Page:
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National Secular Society

Challenging Religious Privilege

Religious broadcasting on the BBC

We think that the BBC devotes too much of its resources to the provision of exclusively religious programming, particularly when research has shown that very few people watch it. Given the changing demographics of the UK, as shown by the 2011 Census, we feel that the BBC's focus on Christianity is increasingly anachronistic and out of proportion.

We are unclear as to why the BBC puts such a pronounced focus on it, and given its status as a publicly funded broadcaster, we argue that the focus is essentially discriminatory against those whose views are rarely represented.

Thought for the Day

Whilst there are a number of BBC national and local programmes dedicated to faith, including for example, Beyond Belief, Heart and Soul: Faith Perspectives, Sunday: Religious News, Alleluia!, Sunday Worship, Songs of Praise, and resources for collective worship in schools, one particularly problematic example of this phenomenon is Radio 4's Thought for the Day peak time slot which is broadcast daily on Radio 4's flagship news Today programme at 7.45am.

As part of Radio 4's anchor news programme, speakers on Thought for the Day often make contributions that go beyond reflections on faith. They often make contentious remarks and claims, and have even used the slot for lobbying during the passage of bills through Parliament. Only on this programme are controversial political views allowed to pass unchallenged. We argue that this contradicts everything that the BBC is supposed the stand for: fairness, balance, and a voice reflecting a wide-range of views across the country, made available to all. In view of the inequity that we feel occurs by including an exclusively religious slot as part of Radio 4's flagship news programme, we argue that either the Thought for the Day slot should be discontinued or should be made open to non-religious viewpoints as well.

In response to the idea that Thought for the Day could be opened up so as to give a voice to those of no religion (an idea, incidentally, that has had express support from two of the presenters of the Today programme, John Humphreys and Evan Davis), the BBC Executive last year said that whilst it was undertaking its own research into "the mix and flavour of its Religion and Ethics content", it did "not propose to revisit the issue of atheists or humanists taking part in Thought for the Day".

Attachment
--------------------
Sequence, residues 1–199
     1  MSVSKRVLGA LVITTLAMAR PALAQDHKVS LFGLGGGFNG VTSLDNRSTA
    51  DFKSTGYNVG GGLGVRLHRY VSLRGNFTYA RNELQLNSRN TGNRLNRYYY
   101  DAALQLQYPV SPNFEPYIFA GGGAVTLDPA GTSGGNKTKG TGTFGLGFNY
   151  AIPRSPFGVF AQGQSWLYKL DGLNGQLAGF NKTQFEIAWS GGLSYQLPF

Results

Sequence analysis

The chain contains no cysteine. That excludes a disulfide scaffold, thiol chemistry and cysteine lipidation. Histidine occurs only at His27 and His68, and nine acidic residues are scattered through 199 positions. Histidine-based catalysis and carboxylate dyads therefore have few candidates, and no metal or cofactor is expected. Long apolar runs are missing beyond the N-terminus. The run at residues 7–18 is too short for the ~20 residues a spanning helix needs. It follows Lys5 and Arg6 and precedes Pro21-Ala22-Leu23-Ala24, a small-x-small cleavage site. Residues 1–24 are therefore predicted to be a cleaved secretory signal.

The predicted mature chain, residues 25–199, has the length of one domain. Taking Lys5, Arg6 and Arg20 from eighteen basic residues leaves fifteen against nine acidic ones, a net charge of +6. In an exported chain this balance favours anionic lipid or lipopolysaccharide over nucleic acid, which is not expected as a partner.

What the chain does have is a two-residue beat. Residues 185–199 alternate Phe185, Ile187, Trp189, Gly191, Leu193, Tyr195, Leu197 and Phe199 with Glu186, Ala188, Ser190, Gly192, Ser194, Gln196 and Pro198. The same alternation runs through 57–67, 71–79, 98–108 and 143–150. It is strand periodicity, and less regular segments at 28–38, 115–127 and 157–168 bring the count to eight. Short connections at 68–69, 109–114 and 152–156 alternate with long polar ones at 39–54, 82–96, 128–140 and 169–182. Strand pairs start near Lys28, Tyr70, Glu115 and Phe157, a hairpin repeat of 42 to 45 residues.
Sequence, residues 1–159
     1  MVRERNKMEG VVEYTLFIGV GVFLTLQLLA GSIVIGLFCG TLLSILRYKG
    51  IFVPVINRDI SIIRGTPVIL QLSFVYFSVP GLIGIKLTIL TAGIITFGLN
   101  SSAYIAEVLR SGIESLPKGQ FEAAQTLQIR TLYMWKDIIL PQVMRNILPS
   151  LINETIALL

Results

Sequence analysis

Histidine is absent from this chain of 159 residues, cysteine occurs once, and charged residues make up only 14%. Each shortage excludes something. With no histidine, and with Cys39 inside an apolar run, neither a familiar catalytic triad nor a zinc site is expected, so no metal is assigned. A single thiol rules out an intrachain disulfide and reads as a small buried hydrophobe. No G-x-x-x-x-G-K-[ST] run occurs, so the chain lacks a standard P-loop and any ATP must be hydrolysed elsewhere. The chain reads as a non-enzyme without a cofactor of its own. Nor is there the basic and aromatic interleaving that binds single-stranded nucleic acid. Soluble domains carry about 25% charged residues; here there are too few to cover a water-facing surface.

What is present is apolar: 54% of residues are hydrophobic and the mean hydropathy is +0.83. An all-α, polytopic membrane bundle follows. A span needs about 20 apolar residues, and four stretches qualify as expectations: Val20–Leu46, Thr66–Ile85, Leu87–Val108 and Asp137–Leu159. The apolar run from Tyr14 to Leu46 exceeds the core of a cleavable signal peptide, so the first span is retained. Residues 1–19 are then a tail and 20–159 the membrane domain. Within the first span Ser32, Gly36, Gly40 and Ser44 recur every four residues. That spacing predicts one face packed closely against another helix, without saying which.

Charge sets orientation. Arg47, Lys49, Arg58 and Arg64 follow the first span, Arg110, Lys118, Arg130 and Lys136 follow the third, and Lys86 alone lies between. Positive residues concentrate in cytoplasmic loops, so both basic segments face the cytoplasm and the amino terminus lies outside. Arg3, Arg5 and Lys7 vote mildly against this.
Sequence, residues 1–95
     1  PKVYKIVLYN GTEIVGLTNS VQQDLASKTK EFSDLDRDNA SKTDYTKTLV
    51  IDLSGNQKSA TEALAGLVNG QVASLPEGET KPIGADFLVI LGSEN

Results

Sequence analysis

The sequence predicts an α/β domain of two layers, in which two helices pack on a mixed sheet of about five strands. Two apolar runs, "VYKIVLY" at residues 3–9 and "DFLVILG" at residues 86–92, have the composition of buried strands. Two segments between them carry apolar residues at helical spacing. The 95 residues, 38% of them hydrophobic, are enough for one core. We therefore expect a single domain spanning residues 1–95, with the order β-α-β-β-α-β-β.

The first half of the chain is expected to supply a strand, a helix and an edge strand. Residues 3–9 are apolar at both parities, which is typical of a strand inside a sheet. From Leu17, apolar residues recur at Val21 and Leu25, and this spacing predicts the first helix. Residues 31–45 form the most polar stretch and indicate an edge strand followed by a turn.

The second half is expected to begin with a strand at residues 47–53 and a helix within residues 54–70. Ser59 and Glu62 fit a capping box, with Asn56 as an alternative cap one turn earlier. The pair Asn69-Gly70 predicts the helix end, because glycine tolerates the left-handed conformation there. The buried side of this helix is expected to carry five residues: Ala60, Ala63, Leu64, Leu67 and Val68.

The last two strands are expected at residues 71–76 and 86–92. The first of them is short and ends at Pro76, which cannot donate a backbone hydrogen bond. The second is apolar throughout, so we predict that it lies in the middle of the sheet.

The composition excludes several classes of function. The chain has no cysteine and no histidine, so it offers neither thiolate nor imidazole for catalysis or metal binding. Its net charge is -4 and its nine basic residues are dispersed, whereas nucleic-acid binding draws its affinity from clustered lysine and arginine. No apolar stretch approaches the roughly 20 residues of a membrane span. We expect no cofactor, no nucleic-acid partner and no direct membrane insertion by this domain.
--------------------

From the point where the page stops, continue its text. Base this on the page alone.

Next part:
The BBC Trust prevented its own impartiality adviser from formally recommending that secular speakers be allowed on Radio 4's Thought for the Day. This came as a result of a review conducted by the BBC Trust into the breadth of opinion that is permitted to be heard on the BBC, including a review of the BBC's religious output, which the National Secular Society had been invited to take part in and had raised once more the issue of the exclusion of non-religious voices from Thought for the Day.

NSS concerns and the BBC's response

In 2009, the BBC Trust rejected a formal complaint from the NSS regarding the exclusive and discriminatory nature of Thought for the Day.

It found that the editorial policy of only allowing religious contributors to participate on Thought for the Day did not breach either the BBC Editorial Guidelines on impartiality or the BBC's duty to reflect religious and other beliefs in its programming. Whilst it rejected our complaint, it did confirm that Thought for the Day must comply with requirements of due impartiality and that any future complaints on particular broadcasts would be judged against these standards on a case-by-case basis.

Despite this, in 2013, a NSS complaint about a Thought for the Day broadcast by Lord Singh that was used to deliver biased commentary on a topical political controversy, without any right to reply or attempt to provide due impartiality, was rejected.

See also:

Read the BBC Trust's Complaints and Appeals Board findings

Listen to Lord Singh's Thought for the Day broadcast

BBC once more rejects non-religious voices on Thought for the Day

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